The proportion of pwALS in Scotland offered riluzole (86.5%) is in keeping with previous estimates of 66–100% in the United Kingdom [7, 8] and 57–85% internationally [9, 10].

Older age was associated with lower rates of riluzole prescription and uptake, which may be because of prescribers’ and/or pwALS' concerns about increased vulnerability to adverse effects owing to comorbidity and polypharmacy. Additionally, therapeutic nihilism regarding the modest survival gain conferred by riluzole may be more prominent in this group; however, recent research found that the survival benefit of riluzole is greater in older pwALS [11]. This study, together with our data, emphasises the importance of offering Riluzole to all pwALS.

15% of pwMND discontinued riluzole; this figure varied between 4–40% in previous research [3]. Our data offer insight into reasons for discontinuation, which may inform pre-treatment discussion with pwALS.

Data availability

Upon request from the authors.


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A.R.M. is a Lady Edith Wolfson Clinical Fellow and is jointly funded by the Medical Research Council and the Motor Neurone Disease Association (MR/R001162/1). S.C.’s group is funded by the UK Dementia Research Institute partner funders: the Medical Research Council, Alzheimer’s Research UK and the Alzheimer’s Society.

CARE-MND Consortium: Shuna Colville (Centre for Clinical Brain Sciences, University of Edinburgh, Chancellor’s Building, 49 Little France Crescent, Edinburgh, EH16 4SB, UK; Euan MacDonald Centre for Motor Neurone Disease Research, University of Edinburgh, Edinburgh, UK; Anne Rowling Regenerative Neurology Clinic, Royal Infirmary, Edinburgh, UK), Richard Davenport (Dementia Research Institute, University of Edinburgh, Edinburgh, UK; Anne Rowling Regenerative Neurology Clinic, Royal Infirmary, Edinburgh, UK), Ian Morrison (Department of Neurology, NHS Tayside, Dundee, UK), George Gorrie (Institute of Neurosciences, NHS Greater Glasgow and Clyde, Glasgow, UK), Callum Duncan (Department of Neurology, NHS Grampian, Aberdeen, UK), Myles Connor (Department of Neurology, NHS Borders, Melrose, UK), David Simpson (Department of Neurology, NHS Borders, Melrose, UK), Ondrej Dolezal (Department of Neurology, NHS Dumfries and Galloway, Dumfries, UK), Katja Lassak (Department of Neurology, NHS Fife, Kirkcaldy, UK), Antonella Benvenga (Department of Neurology, NHS Fife, Kirkcaldy, UK), Javier Carod Artal (Department of Neurology, NHS Highland, Inverness, UK).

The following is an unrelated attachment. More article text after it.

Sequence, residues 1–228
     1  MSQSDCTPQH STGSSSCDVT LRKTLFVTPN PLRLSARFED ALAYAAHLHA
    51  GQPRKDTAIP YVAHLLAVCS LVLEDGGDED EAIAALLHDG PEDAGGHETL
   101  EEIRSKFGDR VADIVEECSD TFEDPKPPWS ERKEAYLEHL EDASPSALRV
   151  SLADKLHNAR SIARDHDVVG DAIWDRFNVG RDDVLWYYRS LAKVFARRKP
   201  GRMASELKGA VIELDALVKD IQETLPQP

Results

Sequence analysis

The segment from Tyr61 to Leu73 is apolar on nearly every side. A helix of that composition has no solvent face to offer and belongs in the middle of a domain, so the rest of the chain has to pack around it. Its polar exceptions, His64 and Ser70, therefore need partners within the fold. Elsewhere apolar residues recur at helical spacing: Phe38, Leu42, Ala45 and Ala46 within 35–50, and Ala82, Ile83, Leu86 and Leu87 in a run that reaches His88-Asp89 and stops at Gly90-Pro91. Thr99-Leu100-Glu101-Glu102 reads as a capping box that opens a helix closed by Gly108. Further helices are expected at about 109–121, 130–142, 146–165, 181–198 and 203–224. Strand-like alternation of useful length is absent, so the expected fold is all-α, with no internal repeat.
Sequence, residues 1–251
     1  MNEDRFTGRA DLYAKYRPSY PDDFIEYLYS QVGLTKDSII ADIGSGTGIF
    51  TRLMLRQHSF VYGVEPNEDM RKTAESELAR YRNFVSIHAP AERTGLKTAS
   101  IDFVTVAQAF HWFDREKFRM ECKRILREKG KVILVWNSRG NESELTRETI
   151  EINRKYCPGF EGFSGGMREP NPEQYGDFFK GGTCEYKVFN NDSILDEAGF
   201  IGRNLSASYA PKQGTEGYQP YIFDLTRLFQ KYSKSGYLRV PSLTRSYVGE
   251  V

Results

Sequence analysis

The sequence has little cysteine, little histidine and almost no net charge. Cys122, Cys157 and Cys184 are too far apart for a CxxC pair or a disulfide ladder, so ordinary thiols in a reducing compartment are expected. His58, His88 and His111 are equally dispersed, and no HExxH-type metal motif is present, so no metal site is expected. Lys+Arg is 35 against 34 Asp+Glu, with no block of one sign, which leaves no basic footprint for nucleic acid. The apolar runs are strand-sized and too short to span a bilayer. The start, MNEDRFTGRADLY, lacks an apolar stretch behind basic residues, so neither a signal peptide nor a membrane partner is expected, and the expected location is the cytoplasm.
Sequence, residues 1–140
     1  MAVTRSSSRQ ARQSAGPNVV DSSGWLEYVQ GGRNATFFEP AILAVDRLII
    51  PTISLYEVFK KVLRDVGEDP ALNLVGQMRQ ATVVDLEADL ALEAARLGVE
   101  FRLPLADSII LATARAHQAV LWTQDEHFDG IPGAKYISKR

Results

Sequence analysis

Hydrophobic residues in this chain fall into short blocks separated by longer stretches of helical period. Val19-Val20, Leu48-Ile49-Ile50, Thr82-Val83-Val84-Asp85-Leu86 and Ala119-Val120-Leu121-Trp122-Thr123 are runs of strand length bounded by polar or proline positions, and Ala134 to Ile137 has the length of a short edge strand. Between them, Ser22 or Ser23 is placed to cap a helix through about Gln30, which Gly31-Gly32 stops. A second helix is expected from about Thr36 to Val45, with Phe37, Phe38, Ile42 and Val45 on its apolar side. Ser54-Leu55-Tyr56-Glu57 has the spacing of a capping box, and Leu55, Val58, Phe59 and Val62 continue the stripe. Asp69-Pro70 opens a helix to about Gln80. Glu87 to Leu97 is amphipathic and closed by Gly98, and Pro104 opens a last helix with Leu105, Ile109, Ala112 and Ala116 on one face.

No funding was required for this study.

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Correspondence to Suvankar Pal.

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The authors declare that they have no competing interests.

Ethical approval

Ethics approval for CARE-MND was provided by the Scotland A Research Ethics Committee (Approval: 15/SS/0126).

Informed consent

Participants consented to inclusion in the CARE-MND register. Consent from patients was obtained at the time of their registration with the CARE-MND register.

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Jayaprakash, K., Glasmacher, S.A., Pang, B. et al. Riluzole prescribing, uptake and treatment discontinuation in people with amyotrophic lateral sclerosis in Scotland. J Neurol 267, 2459–2461 (2020).